The securities industry has made big leaps in efficiency over past decades, yet there are areas where the settlement journey still faces friction. In the first of three articles, Swift’s Head of Securities Strategy, Vikesh Patel, sets out a vision for the future of frictionless post-trade settlement.
With the end of year getting closer, I’m looking forward to the chance to spend quality time with family and friends – and try, at least, to embrace a slightly slower pace of life.
But we all know that in many contexts, speed remains critical. It’s useful to be able to move money between my accounts, or to make contributions to my pension fund more or less instantly. On a wider level, the ability to buy and trade stocks in real time makes for a responsive market, a nimble business world and a dynamic economy.
The post-trade space is also heading in this direction. Several territories are pushing for T+1 or even T+0 settlement. For now, the vast majority of settlement instructions are at T+2 or above – and achieving even that timescale can be challenging for a significant minority of transactions.
How billions drain away
Data from Swift business intelligence reveals that for every 100 securities transactions sent for settlement, five will not be completed on the expected settlement date. Data on settlement failures from the European Securities and Markets Authority (ESMA) supports this, suggesting that an average of 7% to 8% of equity settlements and 2% to 4% of bond trades fail.
These proportions seem small only if you ignore the overall values involved in the trades. They equate to billions of dollars lost to the industry every year.
Nor is the outlook improving. In fact, late settlement and cancellation became more common in 2021, and this has continued in 2022 to date.
It’s true that the recent context has been one of market volatility and a significant hike in transaction volumes. But a resilient system must be able to cope with both of these circumstances – which, in any case, increasingly seem to be the norm.
The root causes of friction
Cross-border securities transactions can be prone to the friction that causes settlement failures. This may be understandable – international transactions entail longer chains, multiple regulatory jurisdictions, and a variety of message formats, data standards and tech platforms – but it’s not an excuse.
Inventory management is another faultline: ‘broker locate issues’, where securities are on loan and therefore unavailable, are often cited for failures. And, finally, another common reason is simple human error in entering data, for example in standing settlement instructions – especially among smaller firms, where manual processes are commonplace.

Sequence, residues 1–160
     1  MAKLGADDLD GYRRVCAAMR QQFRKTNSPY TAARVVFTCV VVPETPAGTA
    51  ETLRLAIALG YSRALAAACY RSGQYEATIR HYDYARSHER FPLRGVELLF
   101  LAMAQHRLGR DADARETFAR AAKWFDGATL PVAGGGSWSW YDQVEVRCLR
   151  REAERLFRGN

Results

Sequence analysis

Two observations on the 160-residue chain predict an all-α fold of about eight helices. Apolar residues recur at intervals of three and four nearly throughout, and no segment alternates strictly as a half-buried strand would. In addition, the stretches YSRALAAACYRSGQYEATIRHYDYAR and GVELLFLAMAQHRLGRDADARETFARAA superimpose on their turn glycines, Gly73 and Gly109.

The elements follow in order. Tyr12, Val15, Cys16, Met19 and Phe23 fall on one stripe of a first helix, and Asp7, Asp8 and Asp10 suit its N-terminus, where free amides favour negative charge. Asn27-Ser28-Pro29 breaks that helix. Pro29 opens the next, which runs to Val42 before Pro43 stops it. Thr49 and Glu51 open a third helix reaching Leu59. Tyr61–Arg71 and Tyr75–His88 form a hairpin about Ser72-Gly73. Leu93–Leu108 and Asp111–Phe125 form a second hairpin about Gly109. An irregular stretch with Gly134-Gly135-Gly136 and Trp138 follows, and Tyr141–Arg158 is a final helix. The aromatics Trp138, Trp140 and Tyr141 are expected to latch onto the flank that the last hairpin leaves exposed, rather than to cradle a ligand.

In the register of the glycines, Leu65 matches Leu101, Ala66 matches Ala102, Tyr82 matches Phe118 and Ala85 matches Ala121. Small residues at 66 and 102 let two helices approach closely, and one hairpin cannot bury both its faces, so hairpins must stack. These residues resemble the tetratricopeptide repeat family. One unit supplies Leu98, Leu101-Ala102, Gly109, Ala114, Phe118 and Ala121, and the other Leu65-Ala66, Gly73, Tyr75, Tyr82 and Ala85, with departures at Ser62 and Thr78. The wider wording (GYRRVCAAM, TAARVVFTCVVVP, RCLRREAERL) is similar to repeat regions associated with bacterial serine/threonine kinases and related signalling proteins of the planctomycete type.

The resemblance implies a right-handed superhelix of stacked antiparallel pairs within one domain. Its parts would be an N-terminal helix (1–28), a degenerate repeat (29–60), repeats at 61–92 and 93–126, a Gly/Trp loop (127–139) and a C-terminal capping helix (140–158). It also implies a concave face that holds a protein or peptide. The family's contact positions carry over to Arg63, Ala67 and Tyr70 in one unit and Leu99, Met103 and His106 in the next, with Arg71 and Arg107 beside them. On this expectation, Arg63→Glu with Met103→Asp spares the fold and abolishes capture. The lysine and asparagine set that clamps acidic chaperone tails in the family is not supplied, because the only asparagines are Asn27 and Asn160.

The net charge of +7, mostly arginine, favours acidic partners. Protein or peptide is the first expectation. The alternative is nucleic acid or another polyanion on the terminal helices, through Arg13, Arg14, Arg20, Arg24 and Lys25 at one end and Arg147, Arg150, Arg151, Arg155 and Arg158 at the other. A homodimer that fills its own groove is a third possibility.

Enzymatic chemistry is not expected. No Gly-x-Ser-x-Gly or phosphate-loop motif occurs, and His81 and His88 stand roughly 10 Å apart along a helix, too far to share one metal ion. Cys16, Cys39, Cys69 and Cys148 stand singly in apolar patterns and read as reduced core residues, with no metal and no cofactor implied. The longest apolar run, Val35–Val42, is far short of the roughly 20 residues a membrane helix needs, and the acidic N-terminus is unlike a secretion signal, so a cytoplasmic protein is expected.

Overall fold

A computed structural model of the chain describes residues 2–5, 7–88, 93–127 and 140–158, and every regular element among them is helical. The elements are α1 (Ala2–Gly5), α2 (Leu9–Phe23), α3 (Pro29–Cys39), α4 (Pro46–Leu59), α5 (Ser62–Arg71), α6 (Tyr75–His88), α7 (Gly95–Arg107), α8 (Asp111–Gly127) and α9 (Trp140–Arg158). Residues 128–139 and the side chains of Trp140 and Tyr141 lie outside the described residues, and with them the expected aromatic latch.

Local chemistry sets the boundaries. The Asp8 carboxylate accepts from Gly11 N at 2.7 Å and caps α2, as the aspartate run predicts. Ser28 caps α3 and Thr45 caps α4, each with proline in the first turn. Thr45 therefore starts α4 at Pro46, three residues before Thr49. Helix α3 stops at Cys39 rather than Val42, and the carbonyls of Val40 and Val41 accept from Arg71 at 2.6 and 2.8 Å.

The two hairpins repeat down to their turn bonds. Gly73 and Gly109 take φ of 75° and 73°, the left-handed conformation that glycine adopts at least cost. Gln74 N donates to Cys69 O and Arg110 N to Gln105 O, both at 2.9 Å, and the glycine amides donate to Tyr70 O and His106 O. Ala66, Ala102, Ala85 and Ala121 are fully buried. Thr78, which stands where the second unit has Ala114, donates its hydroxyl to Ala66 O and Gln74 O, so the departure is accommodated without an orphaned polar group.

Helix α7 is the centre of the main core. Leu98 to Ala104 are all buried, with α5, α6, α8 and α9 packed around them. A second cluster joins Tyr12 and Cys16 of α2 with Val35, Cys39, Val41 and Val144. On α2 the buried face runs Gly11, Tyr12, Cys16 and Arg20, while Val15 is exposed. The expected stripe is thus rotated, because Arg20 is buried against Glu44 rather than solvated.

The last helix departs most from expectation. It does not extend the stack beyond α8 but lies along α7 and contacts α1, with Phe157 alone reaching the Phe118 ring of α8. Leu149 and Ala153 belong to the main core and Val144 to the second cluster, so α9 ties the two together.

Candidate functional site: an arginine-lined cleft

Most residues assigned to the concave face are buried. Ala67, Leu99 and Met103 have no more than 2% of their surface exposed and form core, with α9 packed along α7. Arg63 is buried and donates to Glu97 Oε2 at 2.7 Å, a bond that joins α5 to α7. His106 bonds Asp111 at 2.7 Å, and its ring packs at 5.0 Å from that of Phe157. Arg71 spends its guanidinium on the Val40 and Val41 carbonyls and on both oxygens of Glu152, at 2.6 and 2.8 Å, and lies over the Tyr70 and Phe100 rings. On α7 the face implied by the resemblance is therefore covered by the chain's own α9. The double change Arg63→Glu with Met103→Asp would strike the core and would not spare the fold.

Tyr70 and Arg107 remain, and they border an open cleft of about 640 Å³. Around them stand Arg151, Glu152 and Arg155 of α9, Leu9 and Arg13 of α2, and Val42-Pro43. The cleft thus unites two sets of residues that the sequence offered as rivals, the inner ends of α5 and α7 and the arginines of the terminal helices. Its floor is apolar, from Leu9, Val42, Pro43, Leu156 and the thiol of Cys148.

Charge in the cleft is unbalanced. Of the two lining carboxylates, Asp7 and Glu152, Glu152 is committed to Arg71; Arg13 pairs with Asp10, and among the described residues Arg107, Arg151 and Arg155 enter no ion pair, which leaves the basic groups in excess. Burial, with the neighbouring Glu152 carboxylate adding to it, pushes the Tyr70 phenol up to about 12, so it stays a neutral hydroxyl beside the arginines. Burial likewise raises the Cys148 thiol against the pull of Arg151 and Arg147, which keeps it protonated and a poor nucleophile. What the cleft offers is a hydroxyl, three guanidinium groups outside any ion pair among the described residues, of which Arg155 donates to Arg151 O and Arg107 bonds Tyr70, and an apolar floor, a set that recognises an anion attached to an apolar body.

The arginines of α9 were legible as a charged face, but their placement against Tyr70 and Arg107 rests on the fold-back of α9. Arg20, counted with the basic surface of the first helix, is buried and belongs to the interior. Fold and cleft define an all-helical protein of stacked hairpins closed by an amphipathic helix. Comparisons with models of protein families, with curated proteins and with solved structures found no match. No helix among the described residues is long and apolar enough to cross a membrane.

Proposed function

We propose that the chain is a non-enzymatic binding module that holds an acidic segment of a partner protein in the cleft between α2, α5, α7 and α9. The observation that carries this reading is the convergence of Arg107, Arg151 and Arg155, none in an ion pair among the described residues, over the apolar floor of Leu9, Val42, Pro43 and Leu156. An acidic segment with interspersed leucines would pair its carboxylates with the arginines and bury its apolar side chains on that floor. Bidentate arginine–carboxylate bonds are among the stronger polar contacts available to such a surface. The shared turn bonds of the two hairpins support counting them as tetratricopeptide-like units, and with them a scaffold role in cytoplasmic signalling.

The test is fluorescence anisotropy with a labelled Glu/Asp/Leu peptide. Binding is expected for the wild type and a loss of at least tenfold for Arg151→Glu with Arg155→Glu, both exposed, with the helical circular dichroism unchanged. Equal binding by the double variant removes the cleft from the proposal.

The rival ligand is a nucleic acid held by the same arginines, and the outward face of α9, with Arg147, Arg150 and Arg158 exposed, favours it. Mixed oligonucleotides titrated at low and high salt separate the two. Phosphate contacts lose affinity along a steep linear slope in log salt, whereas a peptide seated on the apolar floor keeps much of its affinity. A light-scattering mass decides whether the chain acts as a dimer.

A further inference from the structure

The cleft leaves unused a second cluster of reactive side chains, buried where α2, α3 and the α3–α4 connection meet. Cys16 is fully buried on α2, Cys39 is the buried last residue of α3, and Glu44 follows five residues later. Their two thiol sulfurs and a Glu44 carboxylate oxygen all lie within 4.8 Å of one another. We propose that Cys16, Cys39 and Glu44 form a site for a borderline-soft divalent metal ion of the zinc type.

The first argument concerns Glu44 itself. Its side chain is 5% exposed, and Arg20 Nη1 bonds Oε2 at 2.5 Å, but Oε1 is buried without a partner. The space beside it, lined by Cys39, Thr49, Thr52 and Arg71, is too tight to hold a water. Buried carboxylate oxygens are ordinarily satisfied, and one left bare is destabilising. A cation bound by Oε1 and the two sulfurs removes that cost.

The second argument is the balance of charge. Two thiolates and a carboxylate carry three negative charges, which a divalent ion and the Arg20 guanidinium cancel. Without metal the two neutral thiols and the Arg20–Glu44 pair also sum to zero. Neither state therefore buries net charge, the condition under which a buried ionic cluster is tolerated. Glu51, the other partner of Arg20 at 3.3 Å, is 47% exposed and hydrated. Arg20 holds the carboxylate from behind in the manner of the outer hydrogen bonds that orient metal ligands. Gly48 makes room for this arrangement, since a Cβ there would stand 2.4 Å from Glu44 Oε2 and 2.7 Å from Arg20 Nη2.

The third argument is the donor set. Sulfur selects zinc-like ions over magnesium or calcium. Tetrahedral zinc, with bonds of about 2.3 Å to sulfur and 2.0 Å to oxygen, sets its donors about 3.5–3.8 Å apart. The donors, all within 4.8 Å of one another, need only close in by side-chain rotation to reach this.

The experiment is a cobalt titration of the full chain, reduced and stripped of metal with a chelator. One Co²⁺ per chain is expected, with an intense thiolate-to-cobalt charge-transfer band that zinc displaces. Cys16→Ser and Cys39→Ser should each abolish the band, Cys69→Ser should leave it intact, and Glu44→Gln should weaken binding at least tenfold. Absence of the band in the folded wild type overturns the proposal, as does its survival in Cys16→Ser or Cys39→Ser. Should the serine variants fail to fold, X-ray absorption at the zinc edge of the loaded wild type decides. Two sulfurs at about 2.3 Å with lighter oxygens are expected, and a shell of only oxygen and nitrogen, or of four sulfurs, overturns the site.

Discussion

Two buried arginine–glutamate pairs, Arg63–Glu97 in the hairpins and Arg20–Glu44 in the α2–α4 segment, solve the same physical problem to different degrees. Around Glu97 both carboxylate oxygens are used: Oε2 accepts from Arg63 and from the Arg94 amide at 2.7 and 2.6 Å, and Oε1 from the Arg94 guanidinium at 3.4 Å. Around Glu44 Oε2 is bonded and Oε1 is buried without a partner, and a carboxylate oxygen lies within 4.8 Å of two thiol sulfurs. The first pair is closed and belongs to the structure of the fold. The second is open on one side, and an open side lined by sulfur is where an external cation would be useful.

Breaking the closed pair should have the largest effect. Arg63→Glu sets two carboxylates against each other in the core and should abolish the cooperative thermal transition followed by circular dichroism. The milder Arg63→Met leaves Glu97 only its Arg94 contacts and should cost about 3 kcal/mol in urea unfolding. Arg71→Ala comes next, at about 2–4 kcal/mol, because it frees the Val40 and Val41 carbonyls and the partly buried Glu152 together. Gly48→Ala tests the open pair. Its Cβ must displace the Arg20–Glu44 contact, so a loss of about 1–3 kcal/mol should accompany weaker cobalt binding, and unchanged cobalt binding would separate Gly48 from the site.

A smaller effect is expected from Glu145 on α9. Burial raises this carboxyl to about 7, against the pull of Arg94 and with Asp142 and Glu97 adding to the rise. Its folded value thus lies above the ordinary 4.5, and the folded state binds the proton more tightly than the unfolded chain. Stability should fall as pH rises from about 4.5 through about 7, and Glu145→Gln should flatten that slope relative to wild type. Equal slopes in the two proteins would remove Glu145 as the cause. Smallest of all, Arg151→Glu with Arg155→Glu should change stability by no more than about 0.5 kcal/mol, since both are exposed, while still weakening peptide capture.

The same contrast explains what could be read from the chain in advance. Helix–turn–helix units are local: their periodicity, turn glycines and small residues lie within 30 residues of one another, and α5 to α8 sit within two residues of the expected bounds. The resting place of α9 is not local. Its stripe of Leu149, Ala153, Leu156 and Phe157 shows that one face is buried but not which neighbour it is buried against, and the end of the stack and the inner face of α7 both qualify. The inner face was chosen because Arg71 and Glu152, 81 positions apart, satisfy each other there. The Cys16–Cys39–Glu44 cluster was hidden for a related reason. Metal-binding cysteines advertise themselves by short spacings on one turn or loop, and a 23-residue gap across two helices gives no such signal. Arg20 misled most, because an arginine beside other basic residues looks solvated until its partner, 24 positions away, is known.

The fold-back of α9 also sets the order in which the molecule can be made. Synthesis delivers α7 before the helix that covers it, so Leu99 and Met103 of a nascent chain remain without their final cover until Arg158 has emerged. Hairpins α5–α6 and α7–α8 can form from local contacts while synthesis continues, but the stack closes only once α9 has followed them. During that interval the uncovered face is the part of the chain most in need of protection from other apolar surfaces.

The cost of failure
What real difference does an annulled or delayed transaction make? For trading counterparties, the impact can be huge. We shouldn’t underestimate the effect for the investment fund that foregoes profit due to a missed opportunity, or for the business left exposed to credit risk when an anticipated stock fails to materialise.
For the provider, the immediate effect is that of providing a poor customer experience. Multiplied, poor experiences can lead to reputational damage.
Increasingly, penalty regimes are bringing a cost burden too, compounding the already acute pressure on margins. Daily charges are already being enforced through the new settlement discipline regime for transactions that settle in EU-domiciled central security depositories (CSDs). And while the plan to oblige trading parties to execute buy-ins against counterparties who fail to settle their trades has been postponed several times, mandatory buy-ins remain a real prospect from 2025.
Accelerated settlement cycles may only heighten these risks. With the US keen to shorten the cycle, and India already starting a gradual roll-out of T+1, settlement fails – and the associated penalties – could be set to increase.
Towards full-velocity trading
Given this trajectory, the current fail rate for post-trade settlement is clearly not sustainable. Nor, I would argue, is it inevitable.
The elimination of settlement inefficiencies and manual processing is surely not beyond our ingenuity and would support full trading velocity – providing the kind of seamless experience, in other words, already taken for granted in many of our personal transactions.
What can the industry do to achieve a frictionless future for post-trade activity? How can it innovate and reform to meet client demands, ensure the smooth allocation of capital, and set the foundation for the future? In my next article I’ll explore the opportunities within our grasp.
Read article two in this series: A work of friction? Drivers towards seamless securities settlement